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Two stone hut circles, a reave, round cairn and shelter south east of Sharpitor

A Scheduled Monument in Walkhampton, Devon

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Coordinates

Latitude: 50.5141 / 50°30'50"N

Longitude: -4.0299 / 4°1'47"W

OS Eastings: 256179.824016

OS Northings: 70222.956822

OS Grid: SX561702

Mapcode National: GBR Q1.R2P1

Mapcode Global: FRA 27FP.ZST

Entry Name: Two stone hut circles, a reave, round cairn and shelter south east of Sharpitor

Scheduled Date: 1 June 1994

Source: Historic England

Source ID: 1011167

English Heritage Legacy ID: 22282

County: Devon

Civil Parish: Walkhampton

Traditional County: Devon

Lieutenancy Area (Ceremonial County): Devon

Details

This monument includes a north west-south east orientated reave and, set
along the north side of it, two stone hut circles, a round cairn and shelter,
situated on a gentle east-facing slope overlooking the valley of the River
Meavy. Both stone hut circles are terraced into the hillslope and are composed
of stone and earth walls surrounding an internal area. The northern hut is
oval in shape, measures 3.6m long by 2.4m wide and is defined by a 1.2m wide
wall standing up to 0.2m high. A gap in the southern wall represents an
original doorway. The southern hut, which is attached to the north eastern
side of the Leather Tor reave, is also oval in shape, with 1m wide and 0.4m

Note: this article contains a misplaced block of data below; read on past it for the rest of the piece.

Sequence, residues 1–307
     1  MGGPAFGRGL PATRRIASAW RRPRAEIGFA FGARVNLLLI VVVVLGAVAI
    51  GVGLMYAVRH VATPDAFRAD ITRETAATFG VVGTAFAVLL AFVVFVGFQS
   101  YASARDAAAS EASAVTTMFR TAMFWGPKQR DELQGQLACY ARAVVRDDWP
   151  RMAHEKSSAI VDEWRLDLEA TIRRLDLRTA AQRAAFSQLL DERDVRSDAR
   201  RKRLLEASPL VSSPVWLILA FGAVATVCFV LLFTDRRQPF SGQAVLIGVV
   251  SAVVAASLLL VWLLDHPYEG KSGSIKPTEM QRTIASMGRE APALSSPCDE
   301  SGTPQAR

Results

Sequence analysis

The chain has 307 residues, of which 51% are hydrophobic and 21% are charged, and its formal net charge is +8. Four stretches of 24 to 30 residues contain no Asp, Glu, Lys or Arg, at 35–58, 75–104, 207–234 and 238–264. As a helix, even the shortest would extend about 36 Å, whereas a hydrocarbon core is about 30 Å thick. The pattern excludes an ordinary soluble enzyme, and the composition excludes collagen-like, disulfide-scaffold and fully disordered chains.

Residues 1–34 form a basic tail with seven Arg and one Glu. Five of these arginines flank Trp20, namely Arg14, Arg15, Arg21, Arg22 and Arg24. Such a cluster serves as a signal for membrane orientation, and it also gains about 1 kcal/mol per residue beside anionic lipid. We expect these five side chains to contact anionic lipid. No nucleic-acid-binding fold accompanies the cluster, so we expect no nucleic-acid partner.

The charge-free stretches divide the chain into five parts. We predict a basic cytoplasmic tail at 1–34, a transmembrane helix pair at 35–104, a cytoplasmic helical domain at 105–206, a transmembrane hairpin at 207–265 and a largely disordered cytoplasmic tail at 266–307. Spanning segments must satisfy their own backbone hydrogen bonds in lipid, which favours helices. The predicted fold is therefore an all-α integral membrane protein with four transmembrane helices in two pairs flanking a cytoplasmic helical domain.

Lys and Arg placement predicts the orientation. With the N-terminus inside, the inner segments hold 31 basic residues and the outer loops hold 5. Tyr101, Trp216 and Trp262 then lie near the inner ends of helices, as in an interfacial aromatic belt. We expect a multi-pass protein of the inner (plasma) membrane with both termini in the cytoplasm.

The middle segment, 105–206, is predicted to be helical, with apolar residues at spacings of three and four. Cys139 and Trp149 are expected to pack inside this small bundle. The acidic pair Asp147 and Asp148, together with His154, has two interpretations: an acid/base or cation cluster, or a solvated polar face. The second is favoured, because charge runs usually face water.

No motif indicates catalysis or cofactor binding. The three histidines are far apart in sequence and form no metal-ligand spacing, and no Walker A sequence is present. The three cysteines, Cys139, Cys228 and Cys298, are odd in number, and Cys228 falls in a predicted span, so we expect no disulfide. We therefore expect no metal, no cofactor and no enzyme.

high walls surrounding an interior measuring 2.2m long by 1.6m wide. The
doorway leading from this structure faces north east.
The Leather Tor Reave extends for 255m from the clitter on the east side of
Sharpitor to the clitter north of Leather Tor. The reave survives as a 0.7m
high, prominent rubble bank with an average width of 3.5m. In the southern
half of its length, there are 11 gaps, but none appear to be original. The
Leather Tor reave is a transverse boundary, which would have originally lead
at a right angle from the Walkhampton Common reave and would have sub-divided
open pasture land.
The round cairn measures 5.3m in diameter and stands up to 0.6m high. A
hollow in the northern side of the mound, suggests partial early excavation or
robbing.
The stone shelter is probably of medieval date. The interior of the building
is rectangular in shape, measures 6m long by 3.7m wide and is defined by a 1m
wide rubble wall standing up to 0.3m high. A gap in the south west wall
represents an original doorway.

MAP EXTRACT